America’s pork producers invest millions of dollars through their Pork Checkoff each year, but these dollars don’t work alone. For every dollar of Checkoff investment, nearly two additional dollars are drawn from outside sources to help find solutions to challenges that are facing the pork industry, according to a recent survey.
In 2012, the National Pork Board awarded more than $7 million in research grants to fund 88 projects related to swine health, food safety, public health, animal welfare, swine nutrition, swine genetics, the environment and human nutrition. This level of investment has been fairly typical in recent years, making the Pork Checkoff one of the largest sources of farmer-supported research in the nation.
“It’s fortunate that we can make this kind of investment in research to help find solutions to industry issues based on sound science,” says National Pork Board President Conley Nelson of Algona, Iowa. “This long-term investment also attracts additional funding from government agencies, third-party organizations and private industry. These outside investments help us move the research needle more quickly.”
Study shows 185 percent jump in additional research value
To better determine the return on investment in research made by America’s pork producers, the Checkoff reviewed projects funded from 2005 to 2009. The Checkoff also contacted researchers who worked on the projects. Nearly 80 percent of the 227 who were reached offered feedback on 320 of the 403 total Checkoff-funded projects.
The results showed that the $24.5 million invested in research from 2005 to 2009 directly resulted in more than $45 million of additional research. This is an increase of 185 percent in additional research value that benefitted the industry.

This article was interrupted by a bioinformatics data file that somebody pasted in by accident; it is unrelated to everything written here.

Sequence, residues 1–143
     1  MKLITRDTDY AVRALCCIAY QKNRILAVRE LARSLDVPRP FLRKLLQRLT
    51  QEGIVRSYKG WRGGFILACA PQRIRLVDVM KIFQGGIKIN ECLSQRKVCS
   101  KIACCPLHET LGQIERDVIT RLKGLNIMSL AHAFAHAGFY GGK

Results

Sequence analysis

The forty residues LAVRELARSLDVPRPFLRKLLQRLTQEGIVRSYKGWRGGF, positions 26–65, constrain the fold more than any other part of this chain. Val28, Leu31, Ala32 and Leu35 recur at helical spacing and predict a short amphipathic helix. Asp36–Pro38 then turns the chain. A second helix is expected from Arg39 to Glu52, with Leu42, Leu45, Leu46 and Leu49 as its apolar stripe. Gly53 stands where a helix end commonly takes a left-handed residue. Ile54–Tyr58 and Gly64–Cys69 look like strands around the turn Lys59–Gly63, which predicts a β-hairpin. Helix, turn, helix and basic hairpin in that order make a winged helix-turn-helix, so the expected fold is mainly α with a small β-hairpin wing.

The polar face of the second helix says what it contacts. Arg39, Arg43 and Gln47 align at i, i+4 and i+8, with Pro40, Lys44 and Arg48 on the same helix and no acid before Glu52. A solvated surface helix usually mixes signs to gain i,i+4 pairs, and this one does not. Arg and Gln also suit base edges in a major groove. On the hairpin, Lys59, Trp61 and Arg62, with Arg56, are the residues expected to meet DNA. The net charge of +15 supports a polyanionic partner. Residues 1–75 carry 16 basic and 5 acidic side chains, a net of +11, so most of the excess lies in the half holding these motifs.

Initial Funding Draws More Research Dollars
A sometimes overlooked benefit of Checkoff-funded research is its ability to serve as seed money for a research program that leads to additional funding. Great examples include:
• A $750,000 commitment of Checkoff funding for the swine genome project that cost more than $30 million.
• Combined $6.8 million in Checkoff funding for PRRS projects that helped leverage funds from groups, such as the PRRS Coordinated Agricultural Project (CAP), to get more and bigger research projects accomplished faster than would be possible without Checkoff funding.
Results from Checkoff research provide vital information to veterinarians, nutritionists, production managers and other specialists that help them provide services to producers every day.
“The ongoing flow of information and science-based data from Checkoff researchers helps meet the demand for practical on-farm solutions,” Nelson says. “Maximizing producers’ investment is always a top concern.”
Visit pork.org/research to review findings from specific Checkoff-funded research projects.